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Thread: Open sounding recordings.

  1. #1
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    Open sounding recordings.

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    Ok, I did a few searches on this board and couldn't find what I was looking for.
    I have a problem with the boxiness/"sounds like it was recorded at home" of my recent recordings. I thought if I panned the tracks and adjusted levels, I could get the sound that I was looking for.
    Here's a recording of a song my band recently did:
    Wave Array Music Page

    I guess I should say that what I'm A/B'ing this against is Coldplay's "Don't Panic". I realize the songs have different vibes, but I'm just referring to the openness/3D sound of the overall recording. For some reason, when the intro for Don't Panic comes in, I feel surrounded by the sound that's put out. It's behind, above, and around me on a 3D landscape. When I listen to my band's recording, I feel like it's either in front of me, or only 2D (L/R and Forward/Rear as opposed to 3D).

    My question is, where do I go from here?
    What's the biggest factor of many that causes my problem?
    Do I work on the panning and levels again?
    Do I need better/different track recordings? Mic placement etc.?
    I strongly feel that I'm limited by my abilities and not my equipment, but should I be thinking that (i.e., is gear a limitation)?
    Any suggestions or similiar experiences (with a possible solution) would be helpful.

    Thanks!

    Eq. used:
    Mac Laptop with Garageband
    Firepod
    SM57
    Oktava MK319
    Other misc. mics (I think a Shure Highball, Audix OM-3, Audix Fusion 6 drum mic kit, and a few other Shures)
    BOSS GT3 (some guitar tracks direct)
    San Francisco indie/alternative rock
    http://www.wavearraymusic.com

  2. #2
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    Good topic. I struggle with it too. Here's my $.02 based on my experiences:

    I try to plan the front-to-back imaging before tracking. Draw a map of where you want things to be in the 3D field (Left/Right & Front/Back).

    I try to use a stereo pair on everything except vocals and bass. The more up-front something will be in the front-to-back image might mean closer mic'ing. If something is toward the back, try a stereo pair of mics on the other side of the room, etc.

    The boxiness is probably more from recording in a so-so room. It's often caused by comb filtering.

    I would find a good pair of small-diaphragm condensers to use on most sources, and work on treating your room better.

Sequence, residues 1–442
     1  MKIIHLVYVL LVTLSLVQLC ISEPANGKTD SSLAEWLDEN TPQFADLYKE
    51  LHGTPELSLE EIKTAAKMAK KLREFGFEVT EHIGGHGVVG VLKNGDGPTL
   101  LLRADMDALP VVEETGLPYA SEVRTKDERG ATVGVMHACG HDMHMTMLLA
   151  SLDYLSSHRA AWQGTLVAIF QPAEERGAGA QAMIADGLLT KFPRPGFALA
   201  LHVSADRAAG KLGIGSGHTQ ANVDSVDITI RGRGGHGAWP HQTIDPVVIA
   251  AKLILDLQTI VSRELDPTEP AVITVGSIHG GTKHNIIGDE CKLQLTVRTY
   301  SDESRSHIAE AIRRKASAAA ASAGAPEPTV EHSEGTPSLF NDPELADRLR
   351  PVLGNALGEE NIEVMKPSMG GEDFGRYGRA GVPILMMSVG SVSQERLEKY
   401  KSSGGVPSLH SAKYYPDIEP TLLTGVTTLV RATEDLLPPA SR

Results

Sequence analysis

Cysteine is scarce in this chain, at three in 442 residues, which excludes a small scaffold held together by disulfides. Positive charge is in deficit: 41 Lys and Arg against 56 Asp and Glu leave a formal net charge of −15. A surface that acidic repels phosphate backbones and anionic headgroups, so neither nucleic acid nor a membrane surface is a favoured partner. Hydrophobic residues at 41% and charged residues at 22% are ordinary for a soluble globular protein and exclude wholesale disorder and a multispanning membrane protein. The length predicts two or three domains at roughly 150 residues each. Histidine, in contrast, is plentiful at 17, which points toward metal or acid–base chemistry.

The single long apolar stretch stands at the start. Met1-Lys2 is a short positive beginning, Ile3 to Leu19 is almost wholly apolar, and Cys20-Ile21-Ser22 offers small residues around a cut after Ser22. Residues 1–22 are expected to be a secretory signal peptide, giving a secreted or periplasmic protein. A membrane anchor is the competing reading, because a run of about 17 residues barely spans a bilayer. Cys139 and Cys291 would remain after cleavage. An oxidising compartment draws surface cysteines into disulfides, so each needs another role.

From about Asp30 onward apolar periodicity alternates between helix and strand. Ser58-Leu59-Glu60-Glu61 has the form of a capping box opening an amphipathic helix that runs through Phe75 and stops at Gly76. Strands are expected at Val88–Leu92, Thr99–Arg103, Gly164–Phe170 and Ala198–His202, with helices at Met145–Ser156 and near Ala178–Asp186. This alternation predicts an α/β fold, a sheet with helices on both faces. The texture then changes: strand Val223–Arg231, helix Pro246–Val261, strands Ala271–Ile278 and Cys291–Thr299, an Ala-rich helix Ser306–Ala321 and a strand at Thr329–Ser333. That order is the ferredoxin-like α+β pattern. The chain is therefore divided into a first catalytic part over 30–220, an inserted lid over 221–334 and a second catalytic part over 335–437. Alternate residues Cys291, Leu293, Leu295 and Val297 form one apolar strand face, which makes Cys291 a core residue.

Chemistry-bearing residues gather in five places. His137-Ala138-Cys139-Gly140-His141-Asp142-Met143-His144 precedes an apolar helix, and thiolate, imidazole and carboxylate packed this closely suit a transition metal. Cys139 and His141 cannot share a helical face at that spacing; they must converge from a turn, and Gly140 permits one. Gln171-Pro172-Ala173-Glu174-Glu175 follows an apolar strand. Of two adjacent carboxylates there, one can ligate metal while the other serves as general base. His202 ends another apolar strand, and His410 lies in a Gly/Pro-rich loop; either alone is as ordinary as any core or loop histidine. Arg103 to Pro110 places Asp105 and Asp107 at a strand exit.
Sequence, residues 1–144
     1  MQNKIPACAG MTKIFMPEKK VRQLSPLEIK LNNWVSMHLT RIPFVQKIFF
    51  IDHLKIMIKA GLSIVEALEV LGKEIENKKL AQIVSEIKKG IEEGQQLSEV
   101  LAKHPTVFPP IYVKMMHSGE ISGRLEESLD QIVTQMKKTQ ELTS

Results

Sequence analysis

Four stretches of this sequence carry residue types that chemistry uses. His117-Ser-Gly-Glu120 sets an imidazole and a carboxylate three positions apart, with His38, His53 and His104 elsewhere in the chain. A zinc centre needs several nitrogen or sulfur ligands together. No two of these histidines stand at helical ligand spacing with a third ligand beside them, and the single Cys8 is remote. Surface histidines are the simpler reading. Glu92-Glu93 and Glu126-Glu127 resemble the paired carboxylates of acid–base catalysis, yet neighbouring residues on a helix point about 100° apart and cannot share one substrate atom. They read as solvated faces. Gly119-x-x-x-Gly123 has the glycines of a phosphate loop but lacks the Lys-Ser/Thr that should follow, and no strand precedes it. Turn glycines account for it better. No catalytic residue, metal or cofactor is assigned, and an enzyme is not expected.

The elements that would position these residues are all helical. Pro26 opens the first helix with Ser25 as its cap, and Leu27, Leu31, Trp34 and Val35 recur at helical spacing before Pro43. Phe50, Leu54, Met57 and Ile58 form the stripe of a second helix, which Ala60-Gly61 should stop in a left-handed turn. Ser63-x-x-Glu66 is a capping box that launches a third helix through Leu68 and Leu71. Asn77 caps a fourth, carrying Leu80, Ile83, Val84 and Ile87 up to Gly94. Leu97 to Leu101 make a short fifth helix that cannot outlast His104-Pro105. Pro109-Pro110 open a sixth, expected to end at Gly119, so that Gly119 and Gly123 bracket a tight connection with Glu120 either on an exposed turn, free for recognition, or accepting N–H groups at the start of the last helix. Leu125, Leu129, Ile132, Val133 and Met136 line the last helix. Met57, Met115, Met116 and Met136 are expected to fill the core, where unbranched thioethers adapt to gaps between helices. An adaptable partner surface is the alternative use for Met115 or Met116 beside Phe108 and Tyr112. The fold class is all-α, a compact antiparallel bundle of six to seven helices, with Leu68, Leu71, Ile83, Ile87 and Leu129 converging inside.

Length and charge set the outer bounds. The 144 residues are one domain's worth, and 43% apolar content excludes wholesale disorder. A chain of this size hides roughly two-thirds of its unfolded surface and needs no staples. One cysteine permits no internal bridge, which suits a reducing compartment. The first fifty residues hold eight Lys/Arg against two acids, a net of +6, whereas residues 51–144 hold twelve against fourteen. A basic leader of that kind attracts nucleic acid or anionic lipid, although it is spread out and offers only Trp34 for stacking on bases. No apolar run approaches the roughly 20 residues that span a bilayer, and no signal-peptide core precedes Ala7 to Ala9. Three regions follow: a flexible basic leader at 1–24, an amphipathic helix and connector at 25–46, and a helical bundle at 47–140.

Looking forward to hearing other responses as well.

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    I too look forward to other responses, but I will throw a few ideas out there.

    One way to end up with a 2d mix almost guaranteed is to try to mix so that each instrument or voice is the same volume. If you listen to almost any commercial mix, some "voices" are up front and some are not (as alluded to in the previous post). Lately I have been listening to the pixies which has from my listening the drums the loudest, bass is #2, 3rd is guitars and the lowest is vocals. More current trends put the vocals loudest and the guitar the quietest. Most 90's rock had the guitars blasting and the drums drowned out. You sort of have to pick the mix you want and go with it. Everything is always a compromise.

    Another thought is movement. Meaning that while the song is playing you want to do volume swings and panning swings and even reverb return swings. bring out the reverb and the drums on the chorus and back them off in the verse, for example. this is by no means necessary, just an idea. from what I've heard on the radio, coldplay has a lot of this.

    Also too much compression can really kill a mix. limiting is worse.

    most likely it is a million little things adding up. if I had to pick one which is most important I would go with my first comment which is mixing ability. I don't know how much whoever did the coldplay album got paid but I 'm sure its more than I make in a year. A good monitoring system is where I would start. My current monitors are a pair of M-Audio BX8's. They made a HUGE improvement in my mixes. Probably not as huge as actually doing probably close to 100 mixes, but my next investment is definitely going to be in even better monitors than what I have now.

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    So, you are vastly less experienced than the guys that worked on the Cold Play (yuk, hate their stuff...anyway...), and you used JUNK gear in comparison, and you are wondering why your recordings don't sound as good?

    Dude, seriously, come back after you have recorded for a year or two, and have tried EVERYTHING you can think of to achieve the sounds you want. By then, you will be much closer, and will have a MUCH better question to ask than this one.

    You are closer than you think. But, some of the tracking decisions you made don't lend itself to a good mix.